Sim­ple does it for Na­soko

mailife - - Contents - By PHOEBE SCHENK Photos by IVAMERE ROKOVESA

He was once one of count­less other Fi­jian boys play­ing rugby on the beach, with a co­conut or any­thing else they could find. Now Kalione Na­soko proudly wears the Voda­fone 7s jersey, hav­ing not only hav­ing won the 2015-16 World Se­ries, but also be­ing named one of the best play­ers in the world. He scored twice in the fi­nal to earn him ‘Man of the Match’ and a nom­i­na­tion for ‘Best Rookie’. The Waya Levu vil­lager from the Ya­sawas has come a long way from makeshift rugby balls, but the star full­back ‘still feels nor­mal’. “I go back to my vil­lage on week­ends to spend time with my fam­ily and so­cialise with friends, which helps.” Spearfish­ing and div­ing, along­side hearty serv­ings of fish in lolo char­ac­terise a typ­i­cal week­end back at home, he said. But bal­anc­ing this with his achieve­ments is surely a mam­moth task be­cause of the ex­tremely swift rise to fame of the 26 year old since be­ing spot­ted by former 7s coach Ben Ryan at a tour­na­ment in Nac­ula, Na­soko. He had left school at Form 6 and be­come a ho­tel worker at a re­sort in Bo­taira Beach and the na­tional squad was just a pipedream Na­soko had since his early teens. Like many oth­ers, he dis­tinctly re­calls watch­ing the 2005 Hong Kong fi­nal and idol­is­ing Waisale Serevi who led the team to vic­tory…“the way he ap­proaches the game…his pas­sion and ded­i­ca­tion I’ve al­ways ad­mired.” Na­soko, too, is re­lent­less in his drive and knows full well that wear­ing the 7s shirt is no guar­an­tee. “You have to keep on striv­ing, keep on fight­ing. There are a lot of good play­ers in Fiji…it may be the first time you wear the shirt, but it might also be the last.” Next sea­son is no snap for Na­soko. He is com­mit­ted to train­ing four days a week as the 2018 Rugby World Cup in San Fran­cisco next July and up­com­ing Com­mon­wealth Games in April present some of the great­est op­por­tu­ni­ties for the young player. ‘It’s my aim to make the squad for the World Cup, but it’s also my big­gest chal­lenge. I’m up against some of the best play­ers from last year’s Olympic squad, and we’ve all come to fight for a place.”Against such tough com­pe­ti­tion, Na­soko feels the most pres­sure is to im­press his fam­ily. “I am here to rep­re­sent my fam­ily, es­pe­cially my grand­par­ents, be­cause they brought me up.” Af­ter his par­ents di­vorced, Na­soko and his two younger sis­ters were raised by their fa­ther’s par­ents. They were con­tin­u­ally sup­port­ive of his dream to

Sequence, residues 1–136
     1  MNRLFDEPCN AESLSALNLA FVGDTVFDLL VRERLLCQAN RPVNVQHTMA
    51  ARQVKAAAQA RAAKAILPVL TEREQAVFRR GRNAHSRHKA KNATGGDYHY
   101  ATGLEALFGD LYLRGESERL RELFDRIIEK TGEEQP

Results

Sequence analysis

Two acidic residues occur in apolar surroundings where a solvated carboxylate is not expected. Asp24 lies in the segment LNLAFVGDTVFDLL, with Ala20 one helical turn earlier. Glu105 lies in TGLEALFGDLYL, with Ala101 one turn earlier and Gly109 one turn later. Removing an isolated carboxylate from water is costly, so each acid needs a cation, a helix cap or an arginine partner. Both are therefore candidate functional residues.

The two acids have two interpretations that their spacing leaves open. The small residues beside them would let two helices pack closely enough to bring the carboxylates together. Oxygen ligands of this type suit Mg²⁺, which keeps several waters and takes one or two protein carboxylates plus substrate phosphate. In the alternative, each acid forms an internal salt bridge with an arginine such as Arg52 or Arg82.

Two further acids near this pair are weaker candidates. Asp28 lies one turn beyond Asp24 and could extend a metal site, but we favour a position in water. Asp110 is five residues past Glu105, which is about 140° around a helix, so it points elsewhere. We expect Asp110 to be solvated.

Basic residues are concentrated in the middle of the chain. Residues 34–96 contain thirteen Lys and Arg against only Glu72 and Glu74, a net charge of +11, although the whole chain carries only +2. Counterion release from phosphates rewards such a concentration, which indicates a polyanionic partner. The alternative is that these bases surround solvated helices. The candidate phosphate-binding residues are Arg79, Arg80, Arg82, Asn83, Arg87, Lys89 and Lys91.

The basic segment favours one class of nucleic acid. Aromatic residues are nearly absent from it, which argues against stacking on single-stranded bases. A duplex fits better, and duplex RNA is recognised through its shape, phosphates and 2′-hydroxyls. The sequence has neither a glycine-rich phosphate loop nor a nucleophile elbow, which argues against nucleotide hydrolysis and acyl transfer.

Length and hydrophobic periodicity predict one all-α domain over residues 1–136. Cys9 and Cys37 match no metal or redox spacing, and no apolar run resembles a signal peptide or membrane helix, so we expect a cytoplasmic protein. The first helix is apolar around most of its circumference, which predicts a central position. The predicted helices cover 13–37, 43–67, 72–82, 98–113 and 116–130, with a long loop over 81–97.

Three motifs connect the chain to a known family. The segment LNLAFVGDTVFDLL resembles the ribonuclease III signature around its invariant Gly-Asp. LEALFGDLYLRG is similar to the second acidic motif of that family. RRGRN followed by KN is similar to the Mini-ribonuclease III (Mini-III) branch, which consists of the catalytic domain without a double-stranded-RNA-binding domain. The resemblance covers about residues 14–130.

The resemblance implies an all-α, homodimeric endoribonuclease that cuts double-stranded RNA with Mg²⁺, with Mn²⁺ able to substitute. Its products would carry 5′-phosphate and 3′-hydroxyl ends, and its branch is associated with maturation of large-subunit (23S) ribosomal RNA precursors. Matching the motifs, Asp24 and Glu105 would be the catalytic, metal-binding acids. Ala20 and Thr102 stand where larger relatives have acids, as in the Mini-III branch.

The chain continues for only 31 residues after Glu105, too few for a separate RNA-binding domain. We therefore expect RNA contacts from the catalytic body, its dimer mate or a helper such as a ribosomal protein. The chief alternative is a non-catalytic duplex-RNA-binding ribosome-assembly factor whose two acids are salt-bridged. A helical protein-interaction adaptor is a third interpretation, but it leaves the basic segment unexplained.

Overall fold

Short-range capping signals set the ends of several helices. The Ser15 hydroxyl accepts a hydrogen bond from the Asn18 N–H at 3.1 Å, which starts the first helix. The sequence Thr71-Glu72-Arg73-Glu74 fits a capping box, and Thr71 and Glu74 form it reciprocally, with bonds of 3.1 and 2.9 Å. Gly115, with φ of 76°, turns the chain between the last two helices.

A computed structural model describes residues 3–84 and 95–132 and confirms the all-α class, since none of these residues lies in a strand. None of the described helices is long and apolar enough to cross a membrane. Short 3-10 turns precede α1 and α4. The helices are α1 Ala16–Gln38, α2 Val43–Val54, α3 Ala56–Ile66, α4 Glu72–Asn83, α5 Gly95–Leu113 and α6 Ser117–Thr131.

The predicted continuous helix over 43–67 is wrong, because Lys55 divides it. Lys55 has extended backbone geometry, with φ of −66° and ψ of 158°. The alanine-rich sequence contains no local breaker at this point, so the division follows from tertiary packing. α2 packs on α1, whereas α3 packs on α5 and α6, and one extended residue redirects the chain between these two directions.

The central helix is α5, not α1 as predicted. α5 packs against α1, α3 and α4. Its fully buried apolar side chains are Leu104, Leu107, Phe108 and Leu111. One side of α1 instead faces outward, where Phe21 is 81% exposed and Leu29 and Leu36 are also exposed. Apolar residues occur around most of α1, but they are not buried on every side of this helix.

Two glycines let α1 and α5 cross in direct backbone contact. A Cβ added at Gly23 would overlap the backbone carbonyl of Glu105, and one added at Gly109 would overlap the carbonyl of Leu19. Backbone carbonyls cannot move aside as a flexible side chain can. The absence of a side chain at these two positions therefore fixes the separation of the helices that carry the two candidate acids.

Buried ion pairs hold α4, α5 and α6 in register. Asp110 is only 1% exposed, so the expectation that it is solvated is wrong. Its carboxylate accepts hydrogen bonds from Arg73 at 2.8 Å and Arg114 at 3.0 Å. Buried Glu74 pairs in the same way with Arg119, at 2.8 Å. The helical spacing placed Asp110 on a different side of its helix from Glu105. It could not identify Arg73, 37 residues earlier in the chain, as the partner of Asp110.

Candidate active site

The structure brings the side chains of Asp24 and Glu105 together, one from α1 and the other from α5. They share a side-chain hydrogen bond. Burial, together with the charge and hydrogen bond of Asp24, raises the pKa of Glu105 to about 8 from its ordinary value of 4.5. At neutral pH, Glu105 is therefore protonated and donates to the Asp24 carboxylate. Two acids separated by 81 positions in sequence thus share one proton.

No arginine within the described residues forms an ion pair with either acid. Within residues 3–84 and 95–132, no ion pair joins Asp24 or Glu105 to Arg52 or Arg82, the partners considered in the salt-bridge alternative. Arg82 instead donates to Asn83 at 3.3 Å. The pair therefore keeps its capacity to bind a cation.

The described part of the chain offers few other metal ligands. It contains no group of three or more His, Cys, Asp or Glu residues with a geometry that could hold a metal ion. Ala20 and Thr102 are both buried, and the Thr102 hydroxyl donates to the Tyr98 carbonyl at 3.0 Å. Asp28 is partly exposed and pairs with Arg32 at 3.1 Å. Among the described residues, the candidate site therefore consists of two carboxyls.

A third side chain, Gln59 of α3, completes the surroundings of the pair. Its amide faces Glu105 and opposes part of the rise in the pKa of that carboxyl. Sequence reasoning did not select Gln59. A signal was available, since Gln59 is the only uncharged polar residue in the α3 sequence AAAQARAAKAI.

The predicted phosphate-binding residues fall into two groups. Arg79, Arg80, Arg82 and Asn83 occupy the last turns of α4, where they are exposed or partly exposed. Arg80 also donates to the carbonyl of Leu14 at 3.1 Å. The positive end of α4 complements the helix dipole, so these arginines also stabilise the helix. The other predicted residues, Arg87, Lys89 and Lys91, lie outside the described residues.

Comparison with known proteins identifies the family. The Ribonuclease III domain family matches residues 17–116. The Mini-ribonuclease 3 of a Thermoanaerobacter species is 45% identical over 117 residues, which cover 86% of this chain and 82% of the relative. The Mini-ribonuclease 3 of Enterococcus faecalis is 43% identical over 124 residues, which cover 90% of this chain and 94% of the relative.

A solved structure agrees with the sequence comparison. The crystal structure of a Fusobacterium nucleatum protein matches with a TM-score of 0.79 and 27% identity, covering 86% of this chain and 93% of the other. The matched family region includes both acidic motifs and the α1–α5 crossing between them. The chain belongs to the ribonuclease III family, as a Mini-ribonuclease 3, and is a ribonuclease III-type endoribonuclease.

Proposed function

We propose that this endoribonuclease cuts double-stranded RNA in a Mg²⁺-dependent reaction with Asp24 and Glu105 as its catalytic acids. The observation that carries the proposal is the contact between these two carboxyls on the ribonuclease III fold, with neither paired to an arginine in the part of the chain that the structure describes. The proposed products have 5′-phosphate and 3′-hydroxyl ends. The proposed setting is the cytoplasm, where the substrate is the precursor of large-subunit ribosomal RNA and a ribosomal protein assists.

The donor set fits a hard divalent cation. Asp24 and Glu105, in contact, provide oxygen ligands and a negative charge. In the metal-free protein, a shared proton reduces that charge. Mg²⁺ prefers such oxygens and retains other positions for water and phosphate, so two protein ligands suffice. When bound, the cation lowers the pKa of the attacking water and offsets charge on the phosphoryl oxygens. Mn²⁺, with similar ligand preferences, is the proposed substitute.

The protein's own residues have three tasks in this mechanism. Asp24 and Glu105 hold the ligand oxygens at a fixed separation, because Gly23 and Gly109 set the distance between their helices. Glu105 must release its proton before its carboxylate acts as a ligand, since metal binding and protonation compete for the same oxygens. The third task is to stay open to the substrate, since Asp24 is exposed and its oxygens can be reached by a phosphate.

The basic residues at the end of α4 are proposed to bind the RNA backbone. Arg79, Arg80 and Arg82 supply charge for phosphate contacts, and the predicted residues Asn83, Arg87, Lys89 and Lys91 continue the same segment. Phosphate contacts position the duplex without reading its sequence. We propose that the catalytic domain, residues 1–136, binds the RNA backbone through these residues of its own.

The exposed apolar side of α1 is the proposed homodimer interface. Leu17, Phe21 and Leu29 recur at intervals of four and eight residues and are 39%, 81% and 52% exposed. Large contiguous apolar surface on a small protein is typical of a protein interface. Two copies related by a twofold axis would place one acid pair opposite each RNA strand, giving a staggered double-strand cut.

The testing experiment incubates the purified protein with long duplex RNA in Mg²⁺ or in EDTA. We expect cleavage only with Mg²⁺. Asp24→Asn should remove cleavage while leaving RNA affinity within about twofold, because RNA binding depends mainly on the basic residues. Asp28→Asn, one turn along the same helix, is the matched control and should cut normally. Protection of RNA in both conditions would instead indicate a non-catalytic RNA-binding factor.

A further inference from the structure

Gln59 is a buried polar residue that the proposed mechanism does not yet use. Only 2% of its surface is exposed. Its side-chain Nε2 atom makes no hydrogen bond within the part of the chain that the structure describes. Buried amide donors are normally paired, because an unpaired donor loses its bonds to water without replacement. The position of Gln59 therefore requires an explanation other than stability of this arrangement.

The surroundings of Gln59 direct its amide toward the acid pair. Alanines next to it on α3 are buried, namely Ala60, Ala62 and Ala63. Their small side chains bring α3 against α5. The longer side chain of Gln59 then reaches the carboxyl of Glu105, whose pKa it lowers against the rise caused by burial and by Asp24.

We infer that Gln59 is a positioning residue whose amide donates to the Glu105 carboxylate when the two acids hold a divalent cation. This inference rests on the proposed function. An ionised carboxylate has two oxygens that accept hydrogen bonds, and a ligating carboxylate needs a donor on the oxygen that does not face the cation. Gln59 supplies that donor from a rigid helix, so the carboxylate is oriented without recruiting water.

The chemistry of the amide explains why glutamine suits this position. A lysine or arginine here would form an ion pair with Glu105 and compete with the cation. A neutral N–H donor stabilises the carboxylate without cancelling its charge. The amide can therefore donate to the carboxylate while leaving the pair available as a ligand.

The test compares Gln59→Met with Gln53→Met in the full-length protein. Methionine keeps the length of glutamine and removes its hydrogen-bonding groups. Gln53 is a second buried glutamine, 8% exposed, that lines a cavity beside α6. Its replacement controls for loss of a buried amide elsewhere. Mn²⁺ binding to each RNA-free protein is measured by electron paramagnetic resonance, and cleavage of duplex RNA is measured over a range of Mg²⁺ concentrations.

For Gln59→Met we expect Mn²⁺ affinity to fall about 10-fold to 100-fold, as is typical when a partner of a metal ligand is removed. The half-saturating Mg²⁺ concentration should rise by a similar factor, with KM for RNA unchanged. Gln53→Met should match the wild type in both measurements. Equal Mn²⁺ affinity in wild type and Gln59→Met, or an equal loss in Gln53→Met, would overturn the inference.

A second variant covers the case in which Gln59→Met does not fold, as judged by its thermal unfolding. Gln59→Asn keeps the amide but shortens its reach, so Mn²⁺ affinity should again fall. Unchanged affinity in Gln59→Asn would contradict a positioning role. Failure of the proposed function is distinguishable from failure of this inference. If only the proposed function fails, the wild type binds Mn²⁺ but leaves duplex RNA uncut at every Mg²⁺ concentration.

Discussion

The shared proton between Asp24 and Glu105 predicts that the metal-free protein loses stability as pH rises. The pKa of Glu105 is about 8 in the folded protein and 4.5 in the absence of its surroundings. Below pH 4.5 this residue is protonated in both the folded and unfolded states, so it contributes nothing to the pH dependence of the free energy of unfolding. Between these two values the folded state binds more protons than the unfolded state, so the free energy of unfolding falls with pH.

Na­soko re­lax­ing in Tuvu, Lautoka.

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